All other weather related information should be reported to the Skywarn net. Ask your local Skywarn leadership were that net is located and what training you should have to make an accurate report.
The state EOC operator is not able to pass on your Skywarn spotters report to the NWS. You are expected to join a Skywarn net local to you and deliver that report yourself.
IF the county EOC is activated and running a net on their tactical repeater/frequency,  it is expected that you will report all significant information ONLY to the county EOC. The county EOC will handle the report and forward whatever they need to K4EMD.  In many weather related situations the county EOC is not activated and in those situations you would make your report to K4EMD, the state EOC directly.
The state EOC, K4EMD usually does not run a NET for weather related events. Usually K4EMD is monitoring and will reply to you if asked. You can call for K4EMD or net control either way and if the state EOC is activated an operator should reply. If not just wait a few minutes and try again.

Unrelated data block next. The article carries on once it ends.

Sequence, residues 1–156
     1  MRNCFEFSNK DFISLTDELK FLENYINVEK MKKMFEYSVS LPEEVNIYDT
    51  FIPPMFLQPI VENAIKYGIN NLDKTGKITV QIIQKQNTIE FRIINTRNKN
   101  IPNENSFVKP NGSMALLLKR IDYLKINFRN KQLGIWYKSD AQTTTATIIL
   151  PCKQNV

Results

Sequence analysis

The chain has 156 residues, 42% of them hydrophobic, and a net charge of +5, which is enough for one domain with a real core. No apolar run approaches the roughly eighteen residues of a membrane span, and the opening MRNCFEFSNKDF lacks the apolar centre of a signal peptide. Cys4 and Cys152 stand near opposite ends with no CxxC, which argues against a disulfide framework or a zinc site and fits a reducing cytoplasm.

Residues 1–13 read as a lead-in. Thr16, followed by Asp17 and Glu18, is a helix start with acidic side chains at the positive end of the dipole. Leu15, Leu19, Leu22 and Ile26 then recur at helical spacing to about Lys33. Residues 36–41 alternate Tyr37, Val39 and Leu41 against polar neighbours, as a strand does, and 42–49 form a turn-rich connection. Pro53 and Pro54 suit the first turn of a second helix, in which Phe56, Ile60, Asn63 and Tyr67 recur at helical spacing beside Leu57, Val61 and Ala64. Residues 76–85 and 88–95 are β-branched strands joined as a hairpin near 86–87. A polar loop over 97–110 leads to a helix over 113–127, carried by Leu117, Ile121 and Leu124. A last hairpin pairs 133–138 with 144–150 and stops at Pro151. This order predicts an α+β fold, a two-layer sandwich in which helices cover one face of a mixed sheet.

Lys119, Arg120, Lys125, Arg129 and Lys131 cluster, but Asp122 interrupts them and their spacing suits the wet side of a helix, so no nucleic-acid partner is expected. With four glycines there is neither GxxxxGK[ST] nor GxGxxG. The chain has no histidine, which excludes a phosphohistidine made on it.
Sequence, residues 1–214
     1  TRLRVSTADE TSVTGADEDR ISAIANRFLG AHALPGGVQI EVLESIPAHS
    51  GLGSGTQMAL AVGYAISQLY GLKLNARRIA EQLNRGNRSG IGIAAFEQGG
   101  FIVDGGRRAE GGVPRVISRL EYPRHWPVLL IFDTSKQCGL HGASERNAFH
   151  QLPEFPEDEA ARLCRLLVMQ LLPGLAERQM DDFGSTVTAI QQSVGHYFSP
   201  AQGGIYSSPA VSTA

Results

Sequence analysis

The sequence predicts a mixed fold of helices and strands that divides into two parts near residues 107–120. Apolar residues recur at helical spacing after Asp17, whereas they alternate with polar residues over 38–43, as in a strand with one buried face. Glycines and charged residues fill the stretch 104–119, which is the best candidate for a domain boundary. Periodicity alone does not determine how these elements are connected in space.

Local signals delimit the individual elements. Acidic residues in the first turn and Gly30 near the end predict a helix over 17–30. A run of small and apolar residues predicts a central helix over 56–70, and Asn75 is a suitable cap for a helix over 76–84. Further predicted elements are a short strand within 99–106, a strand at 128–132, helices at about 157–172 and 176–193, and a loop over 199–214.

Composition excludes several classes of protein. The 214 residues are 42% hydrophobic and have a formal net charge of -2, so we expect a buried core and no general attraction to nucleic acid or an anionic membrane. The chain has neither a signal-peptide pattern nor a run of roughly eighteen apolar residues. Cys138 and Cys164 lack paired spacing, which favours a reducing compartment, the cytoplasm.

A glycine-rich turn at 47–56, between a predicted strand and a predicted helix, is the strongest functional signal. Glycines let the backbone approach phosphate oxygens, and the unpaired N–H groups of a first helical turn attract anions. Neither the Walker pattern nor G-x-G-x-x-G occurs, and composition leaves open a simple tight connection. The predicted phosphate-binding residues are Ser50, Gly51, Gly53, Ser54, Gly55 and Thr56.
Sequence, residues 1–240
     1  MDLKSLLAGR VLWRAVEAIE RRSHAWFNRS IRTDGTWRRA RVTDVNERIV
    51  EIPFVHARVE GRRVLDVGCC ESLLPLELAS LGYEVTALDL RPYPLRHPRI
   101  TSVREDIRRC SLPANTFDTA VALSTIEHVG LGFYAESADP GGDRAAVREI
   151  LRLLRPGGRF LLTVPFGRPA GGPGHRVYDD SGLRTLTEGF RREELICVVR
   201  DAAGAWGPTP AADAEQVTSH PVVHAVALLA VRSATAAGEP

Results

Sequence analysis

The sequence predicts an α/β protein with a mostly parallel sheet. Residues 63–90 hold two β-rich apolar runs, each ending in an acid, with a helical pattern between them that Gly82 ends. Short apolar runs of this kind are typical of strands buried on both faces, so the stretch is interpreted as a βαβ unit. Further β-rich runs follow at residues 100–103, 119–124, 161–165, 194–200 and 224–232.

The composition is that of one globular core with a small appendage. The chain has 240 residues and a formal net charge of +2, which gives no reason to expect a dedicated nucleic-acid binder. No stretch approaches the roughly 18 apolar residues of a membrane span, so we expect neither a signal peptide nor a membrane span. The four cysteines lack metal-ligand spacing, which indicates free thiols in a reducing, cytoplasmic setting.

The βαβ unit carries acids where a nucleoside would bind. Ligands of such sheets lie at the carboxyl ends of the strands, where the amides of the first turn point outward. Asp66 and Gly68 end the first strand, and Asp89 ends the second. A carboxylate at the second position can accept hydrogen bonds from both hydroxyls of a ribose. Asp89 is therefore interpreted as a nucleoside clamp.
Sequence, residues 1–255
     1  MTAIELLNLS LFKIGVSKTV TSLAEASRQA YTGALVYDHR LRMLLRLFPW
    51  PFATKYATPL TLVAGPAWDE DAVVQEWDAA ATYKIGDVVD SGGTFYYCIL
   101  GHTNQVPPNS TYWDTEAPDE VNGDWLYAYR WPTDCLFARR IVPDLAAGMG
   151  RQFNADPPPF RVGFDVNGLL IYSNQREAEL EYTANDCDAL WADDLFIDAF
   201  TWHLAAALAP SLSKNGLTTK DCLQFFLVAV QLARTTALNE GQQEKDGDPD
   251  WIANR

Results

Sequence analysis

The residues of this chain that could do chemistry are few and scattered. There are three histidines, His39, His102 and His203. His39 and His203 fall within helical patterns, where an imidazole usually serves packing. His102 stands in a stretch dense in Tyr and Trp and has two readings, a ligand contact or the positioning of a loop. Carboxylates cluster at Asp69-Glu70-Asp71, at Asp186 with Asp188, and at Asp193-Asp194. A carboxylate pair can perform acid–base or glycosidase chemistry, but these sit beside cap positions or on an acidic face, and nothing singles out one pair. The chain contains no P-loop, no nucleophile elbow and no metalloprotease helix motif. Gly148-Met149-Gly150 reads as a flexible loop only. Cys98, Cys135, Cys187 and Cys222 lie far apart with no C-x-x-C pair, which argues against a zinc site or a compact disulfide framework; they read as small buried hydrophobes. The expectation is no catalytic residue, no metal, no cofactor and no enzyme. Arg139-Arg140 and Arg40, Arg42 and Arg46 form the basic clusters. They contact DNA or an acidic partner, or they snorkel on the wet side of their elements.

IMPORTANT—> Equipment Audit

The State is conducting an audit of its facilities to ensure license agreements are in place for all radio communication equipment.   Clubs and individuals who have amateur radio equipment on state towers or buildings can expect to be contacted about setting up a license if one is not already in place.

Can I do ARES & AUXC Both ?

What is required to join ARES ?

The Amateur Radio Emergency Services team is always looking for new members. People excited about providing communications in an emergency situation.  So how do you join ARES and what is the difference between level 1 and level 2?

ARES level 1 is the entry level, join the team come on in and look around. Talk to others that have been on the team for years and get the feel of what is expected as an ARES volunteer. You do not need to take any FEMA ICS or ARRL course to join ARES.

ARES level 2  So now you know what it is and you want to continue. You want to build your own go box and you want to deploy to a local emergency operations center (EOC). At this level you will increase your skill level by completing several FEMA ICS courses and the ARRL course.